Friday, January 25, 2008

Siaran Media Pilihan / Selected Media Statement

Bush’s Middle East Visit and the Issue of Palestine.

President Bush’s just concluded visit to the Middle East, his first to Palestine, reflects the importance of the Palestinian issue in international politics. Mr. Bush wants to be known as a peace maker in history. That is why he wants to see the conflicting parties sign “some form of peace treaty” before he leaves office in a year’s time. In his speeches in a number of countries in the region he has expressed his optimism about the prospect for peace in the region. But our question is how realistic is this optimism? Let alone the one year that is left of the Bush Administration, one would be surprised if peace between Israel and Palestine could be reached in decades. Why do we say this? A few references to the history of the conflict will elucidate this point.

The State of Israel had declared its “Independence” almost six decades ago. Why do we put the term ‘Independence’ in inverted commas? Israel’s so-called Independence was totally different from that of other countries that had been colonized by Western powers in the nineteenth century. It was colonialism, specifically British colonialism, that facilitated the emergence of the state of Israel through Zionist colonization of Palestine mainly via the Balfour Declaration of 1917 in which the British government promised the Zionists of Europe a Jewish homeland in Palestine. It explains why ninety-five percent of the citizens of Israel at the time of “Independence” in 1948 were recently domiciled Jewish migrants from Europe. These migrants fought against the indigenous Muslim and Christian communities of Palestine. There were also small numbers of indigenous Jews in Palestine living in relative peace with their Muslim and Christian neighbours. Though the indigenous Palestinians revolted against the Zionist influx in the nineteen twenties and thirties, the British colonialists suppressed these revolts. After they had grabbed land from the Palestinians and terrorized them, the Zionists turned against the British who in any case were in a hurry to abandon a Palestine that was in turmoil.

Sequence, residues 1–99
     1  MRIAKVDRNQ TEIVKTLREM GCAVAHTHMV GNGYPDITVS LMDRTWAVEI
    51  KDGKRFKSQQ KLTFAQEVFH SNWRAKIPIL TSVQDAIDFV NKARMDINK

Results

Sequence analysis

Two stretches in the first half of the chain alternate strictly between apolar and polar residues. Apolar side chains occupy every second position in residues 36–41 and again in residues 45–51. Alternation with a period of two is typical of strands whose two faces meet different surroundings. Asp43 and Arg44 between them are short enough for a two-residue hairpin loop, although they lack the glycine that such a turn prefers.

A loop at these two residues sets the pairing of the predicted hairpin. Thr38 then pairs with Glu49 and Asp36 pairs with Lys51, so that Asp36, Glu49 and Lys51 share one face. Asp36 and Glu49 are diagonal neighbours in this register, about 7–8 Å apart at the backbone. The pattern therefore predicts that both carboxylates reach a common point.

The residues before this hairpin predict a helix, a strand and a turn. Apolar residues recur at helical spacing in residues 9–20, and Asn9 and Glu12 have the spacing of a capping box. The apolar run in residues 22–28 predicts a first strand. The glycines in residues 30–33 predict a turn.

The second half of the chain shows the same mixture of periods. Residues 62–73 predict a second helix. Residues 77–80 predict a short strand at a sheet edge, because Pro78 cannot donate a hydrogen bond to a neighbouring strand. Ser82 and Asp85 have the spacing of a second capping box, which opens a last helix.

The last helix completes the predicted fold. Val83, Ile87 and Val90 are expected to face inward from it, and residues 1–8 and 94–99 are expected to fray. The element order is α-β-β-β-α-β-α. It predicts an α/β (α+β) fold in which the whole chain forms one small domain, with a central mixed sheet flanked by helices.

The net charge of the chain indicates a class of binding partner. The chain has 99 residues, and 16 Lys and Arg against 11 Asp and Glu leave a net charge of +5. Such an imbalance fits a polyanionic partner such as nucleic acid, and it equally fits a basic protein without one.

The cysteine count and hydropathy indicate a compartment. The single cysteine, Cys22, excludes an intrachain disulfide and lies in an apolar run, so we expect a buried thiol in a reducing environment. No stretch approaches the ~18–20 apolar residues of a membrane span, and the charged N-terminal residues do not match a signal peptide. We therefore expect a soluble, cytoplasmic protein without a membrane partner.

Mr. Bush referred to ending of occupation by Israel. Of course in order to attain peace in the area there has to be an end to occupation. The majority of Palestinians have already indicated that they would be content with 22 percent of original, historical Palestine. They have already acknowledged their military and economic weaknesses and agreed to accommodate realities on the ground and accept only this tiny piece of land. But Mr. Bush is again asking both parties to make adjustments “to reflect current realities.” He is clearly asking Palestinians to make even more concessions to Israel. We say this because even in the presence of Mr. Bush the Israeli government has continued with setting up new settlements in that mere 22 percent of the land.

What new realities does Mr. Bush want the Palestinians to accept? Should the Palestinians accept a total bondage by the Israelis? Should Moses have accepted the reality of Pharaoh’s military and economic strength? Should David have accepted the reality of Goliath’s rule only because the latter was powerful? Should God choose any people to be His model community even though they don’t know what justice means and how justice is practiced? Is God unjust? What type of God does one believe in? Would God like His servants to indulge in the oppression and suppression of other peoples?

One of the most unfortunate aspects of Bush’s visit was the role of the mainstream media. According to the mainstream media Mr. Bush had used strong words against Israel; he had used the word ‘occupation’ to describe Israel’s continuous holding of that 22 percent that is left of Palestinian land. Is it not a fact that Israel is an occupying power? Hasn’t the UN declared that this occupation is illegal? Israel has not only occupied the land, it has confined the people of Gaza in a large prison. Even in an ordinary prison, the prisoners are allowed basic necessities such as food, electricity, water and medicine. Israel has despicably denied the people of Gaza even such basic needs. Perhaps never in history has an imprisoned population been targeted and bombarded the way Gaza has been in recent months. Are the ‘civilized’ nations of the world blind to the slaughter of children, women and innocent individuals by the state of Israel?

The media has also sympathetically highlighted the potential problems that the Israeli Prime Minister would encounter from within Israel if he grants any “concessions” to the Palestinians. Shouldn’t the media be telling the world of the monumental sacrifices, the huge concessions that the Palestinians have made? Shouldn’t the media persuade Israel to act justly? Will the media help Israel understand how a civilized nation should behave? Can Mr. Bush help in this regard? Of course, he can, if he follows the footsteps of President Woodrow Wilson and recognizes the right of self-determination of the people of Palestine.

Professor Abdullah al-Ahsan,

International Movement for a Just World (JUST).

22 January 2008.

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